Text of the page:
There are so many things Mena Suvari never wanted you to know. And there were ghosts of her past all over this town, willing to keep her secrets. Like the woman she ran into once at Whole Foods — a woman with whom she’d had a threesome.
“I was mortified, because I was famous then, and she knew me when I wasn’t,” recalls Suvari, one of the most popular young actresses around the turn of the millennium. “I never wanted to be that person to her. Our paths crossing again was uncomfortable and weird, and I found myself in a situation where I had to apologize.”
It wasn’t that she felt bad about sleeping with women, or doing it freely. It was that she’d spent so much of her life sacrificing her own desires to please men. In one particularly toxic relationship, a boyfriend had pushed her to solicit women — including this one now at the grocery store — to participate in a porn-inspired menage a trois featuring painful sex toys.
That sort of behavior didn’t jibe with the actress’ public image. In the two 1999 movies that made her famous — the teen comedy “American Pie” and the suburban drama “American Beauty” — the central narrative revolved around her characters’ virginity. She was meant to exude sensuality but practice purity, a common theme for female stars of that generation, including Jessica Simpson, Natalie Portman and Reese Witherspoon.
But it’s been two decades, and Suvari, now 42, says she is tired of pretending. So she’s written a memoir, “The Great Peace,” that will not only shatter her saccharine reputation but also, she hopes, free her from shame.
The book is a relic of Hollywood’s pre-#MeToo era, documenting the ways in which Suvari says she “looked like a Faberge egg on the outside but was hollow inside.” Beginning to model at age 13, she grew to believe her looks were primarily what she had to offer. She now thinks she confused that kind of attention for love.
“I took the easy path and bought into the image the magazines, TV shows, and paparazzi had created for me,” she writes in the book. “I was exceptional, a star, special — too special, in fact, to have problems.”
She tells a story that is harrowing from the outset: At age 12, she writes, she was raped by her brother’s friend. After she moved to LA as a teenager, a photographer took — and kept, she alleges — naked underage snapshots of her. She writes that when she was 16, one of her representatives — 20 years her senior — would have sex with her and then remind her to learn her lines or brush her hair before an audition. She contracted herpes, she says.
She got married and divorced twice — first, when she was 21, to Robert Brinkmann, a 37-year old cinematographer she met during a movie shoot. Ten years later, she married Simone Sestito, an Italian concert promoter who, she claims, bled her financially and got physical with her during heated arguments. (In a statement, Sestito denied Suvari’s allegations: “It’s very sad and disheartening that Mena would have to make up lies about me to try and sell her story; it’s a disservice both to herself and real victims of abuse.”)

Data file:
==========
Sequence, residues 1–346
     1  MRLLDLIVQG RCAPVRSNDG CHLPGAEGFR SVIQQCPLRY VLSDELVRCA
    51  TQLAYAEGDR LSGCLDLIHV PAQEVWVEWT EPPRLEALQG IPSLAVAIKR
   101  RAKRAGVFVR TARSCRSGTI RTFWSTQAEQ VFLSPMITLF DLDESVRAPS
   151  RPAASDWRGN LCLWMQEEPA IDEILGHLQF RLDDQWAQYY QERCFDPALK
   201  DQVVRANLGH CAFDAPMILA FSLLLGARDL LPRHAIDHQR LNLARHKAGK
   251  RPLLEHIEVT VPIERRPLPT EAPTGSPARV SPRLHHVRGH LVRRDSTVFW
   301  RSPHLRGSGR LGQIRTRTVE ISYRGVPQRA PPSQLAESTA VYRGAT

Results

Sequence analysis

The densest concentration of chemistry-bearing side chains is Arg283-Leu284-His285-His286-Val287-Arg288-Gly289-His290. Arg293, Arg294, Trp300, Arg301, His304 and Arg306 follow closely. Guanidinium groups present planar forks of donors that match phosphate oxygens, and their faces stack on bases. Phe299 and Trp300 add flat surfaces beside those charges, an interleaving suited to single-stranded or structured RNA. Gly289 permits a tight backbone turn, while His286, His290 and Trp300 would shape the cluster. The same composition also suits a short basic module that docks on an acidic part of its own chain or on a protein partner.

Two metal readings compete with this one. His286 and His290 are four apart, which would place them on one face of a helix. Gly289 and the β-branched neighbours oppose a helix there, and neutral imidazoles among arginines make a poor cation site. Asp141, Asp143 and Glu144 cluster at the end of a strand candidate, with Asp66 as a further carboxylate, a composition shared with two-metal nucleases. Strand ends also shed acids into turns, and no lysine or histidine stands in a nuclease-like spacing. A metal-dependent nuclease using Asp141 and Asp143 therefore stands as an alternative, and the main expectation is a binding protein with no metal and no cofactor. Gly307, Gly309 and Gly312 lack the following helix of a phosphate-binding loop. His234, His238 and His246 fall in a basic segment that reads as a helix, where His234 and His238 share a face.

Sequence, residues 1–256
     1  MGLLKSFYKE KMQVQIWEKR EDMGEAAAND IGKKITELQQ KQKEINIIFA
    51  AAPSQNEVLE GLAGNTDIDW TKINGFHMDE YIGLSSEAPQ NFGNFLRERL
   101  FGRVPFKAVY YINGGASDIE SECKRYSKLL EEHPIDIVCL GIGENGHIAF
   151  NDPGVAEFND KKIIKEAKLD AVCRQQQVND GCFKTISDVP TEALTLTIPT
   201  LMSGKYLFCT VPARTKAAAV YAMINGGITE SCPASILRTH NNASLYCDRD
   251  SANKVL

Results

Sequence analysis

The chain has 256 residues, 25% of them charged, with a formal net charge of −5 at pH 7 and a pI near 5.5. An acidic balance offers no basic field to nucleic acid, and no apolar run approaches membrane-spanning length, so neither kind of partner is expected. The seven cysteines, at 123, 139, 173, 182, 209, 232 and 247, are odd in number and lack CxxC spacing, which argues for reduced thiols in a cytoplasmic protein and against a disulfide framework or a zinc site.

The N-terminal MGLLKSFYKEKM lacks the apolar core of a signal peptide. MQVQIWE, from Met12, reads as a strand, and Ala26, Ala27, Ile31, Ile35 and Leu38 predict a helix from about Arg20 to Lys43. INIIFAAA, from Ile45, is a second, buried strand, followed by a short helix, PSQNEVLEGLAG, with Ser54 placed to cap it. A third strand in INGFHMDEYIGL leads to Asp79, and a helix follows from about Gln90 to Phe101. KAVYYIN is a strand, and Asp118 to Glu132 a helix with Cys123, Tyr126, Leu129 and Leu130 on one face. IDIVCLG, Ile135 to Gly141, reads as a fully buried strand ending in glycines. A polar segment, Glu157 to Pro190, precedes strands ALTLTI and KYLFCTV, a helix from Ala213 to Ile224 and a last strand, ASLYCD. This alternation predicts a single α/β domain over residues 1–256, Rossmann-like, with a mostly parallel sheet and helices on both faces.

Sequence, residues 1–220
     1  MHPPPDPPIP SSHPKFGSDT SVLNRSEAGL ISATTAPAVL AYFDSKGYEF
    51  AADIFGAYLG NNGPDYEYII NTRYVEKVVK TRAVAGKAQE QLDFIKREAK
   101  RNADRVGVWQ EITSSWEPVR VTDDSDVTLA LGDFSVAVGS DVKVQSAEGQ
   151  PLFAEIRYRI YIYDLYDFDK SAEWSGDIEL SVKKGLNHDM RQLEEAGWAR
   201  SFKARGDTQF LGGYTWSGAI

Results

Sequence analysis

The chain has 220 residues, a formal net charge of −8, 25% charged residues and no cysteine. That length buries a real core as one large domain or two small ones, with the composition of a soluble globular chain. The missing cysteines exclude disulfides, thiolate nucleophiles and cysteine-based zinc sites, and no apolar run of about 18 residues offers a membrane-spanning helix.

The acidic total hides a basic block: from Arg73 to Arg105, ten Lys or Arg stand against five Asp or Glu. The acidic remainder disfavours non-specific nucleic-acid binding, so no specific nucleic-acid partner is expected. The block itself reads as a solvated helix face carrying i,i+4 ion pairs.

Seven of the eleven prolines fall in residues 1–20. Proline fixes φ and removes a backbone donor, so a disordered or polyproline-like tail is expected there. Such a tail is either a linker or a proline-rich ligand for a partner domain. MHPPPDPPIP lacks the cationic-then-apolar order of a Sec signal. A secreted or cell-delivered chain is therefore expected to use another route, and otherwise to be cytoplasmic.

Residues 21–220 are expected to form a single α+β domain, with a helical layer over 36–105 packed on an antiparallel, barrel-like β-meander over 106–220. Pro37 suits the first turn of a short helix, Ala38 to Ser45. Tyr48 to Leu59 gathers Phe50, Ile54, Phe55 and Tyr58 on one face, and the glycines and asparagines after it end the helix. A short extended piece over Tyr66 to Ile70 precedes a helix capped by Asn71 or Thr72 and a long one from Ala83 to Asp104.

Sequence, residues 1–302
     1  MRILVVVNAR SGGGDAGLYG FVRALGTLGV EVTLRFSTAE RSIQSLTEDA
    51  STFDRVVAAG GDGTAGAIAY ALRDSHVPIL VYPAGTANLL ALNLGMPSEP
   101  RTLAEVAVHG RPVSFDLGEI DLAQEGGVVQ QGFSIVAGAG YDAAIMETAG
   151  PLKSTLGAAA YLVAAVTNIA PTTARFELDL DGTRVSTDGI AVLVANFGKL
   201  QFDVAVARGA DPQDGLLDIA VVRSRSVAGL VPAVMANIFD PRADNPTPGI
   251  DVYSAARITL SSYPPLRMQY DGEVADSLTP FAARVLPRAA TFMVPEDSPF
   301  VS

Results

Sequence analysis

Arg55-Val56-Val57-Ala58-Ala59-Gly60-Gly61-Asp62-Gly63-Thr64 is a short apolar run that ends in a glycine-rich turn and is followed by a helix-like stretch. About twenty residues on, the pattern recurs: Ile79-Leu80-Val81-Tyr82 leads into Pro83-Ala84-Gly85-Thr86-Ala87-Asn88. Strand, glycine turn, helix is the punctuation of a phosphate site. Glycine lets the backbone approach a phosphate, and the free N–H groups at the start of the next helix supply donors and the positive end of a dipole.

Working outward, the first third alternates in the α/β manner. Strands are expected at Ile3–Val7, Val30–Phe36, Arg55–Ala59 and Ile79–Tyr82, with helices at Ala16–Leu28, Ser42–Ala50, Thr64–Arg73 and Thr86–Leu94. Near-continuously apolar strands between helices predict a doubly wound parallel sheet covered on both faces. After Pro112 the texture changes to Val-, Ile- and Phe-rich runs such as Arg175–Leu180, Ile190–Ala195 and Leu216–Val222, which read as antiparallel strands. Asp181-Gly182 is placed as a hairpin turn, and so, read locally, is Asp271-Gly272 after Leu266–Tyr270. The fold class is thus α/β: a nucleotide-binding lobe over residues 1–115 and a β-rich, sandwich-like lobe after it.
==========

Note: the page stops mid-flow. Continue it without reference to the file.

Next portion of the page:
Suvari says she numbed her problems with marijuana and, at one point, meth. She grew critical of her body, getting breast implants only to have them surgically removed years later because they embarrassed her.
Suvari is actually topless when she greets me, inviting me to sit on the bed where she is attempting to breastfeed her 4-month old son, Christopher.
“Oh, you’re gonna take over the interview now,” she says, trying to soothe her firstborn as he starts crying. “He’s an Aries. Full of fire.”
For someone who divulged so much on the page, Suvari in person is guarded. Although she has let many people into her physical private space today — this reporter, a publicist, a stylist, a makeup artist, a photographer and a nanny — she does not open up quickly. She chooses her words carefully and speaks in a measured tone, a calmness reflected in the earth tones decorating her home.
Her third husband, Mike Hope — a set decorator and prop master she met five years ago — is hanging around too. When he hears their son crying, he comes into the bedroom to retrieve the child and hand his wife a grain bowl.
It was in 2018, when she was redecorating her home with Hope, that Suvari made a discovery that would lead to “The Great Peace.” While sifting through an old storage unit, she stumbled across some artifacts from her adolescence, including a 50-page poetry binder, old photographs and a diary containing a suicide note she didn’t remember writing.
She knew she needed to do something with the material but wasn’t sure what. She felt as if every actress had a perfume and a book and thought she should do something “more creative.” But after Suvari toyed with various ideas — telling her story fictionally in the third person, publishing a poetry collection — she was persuaded by a friend to go the memoir route.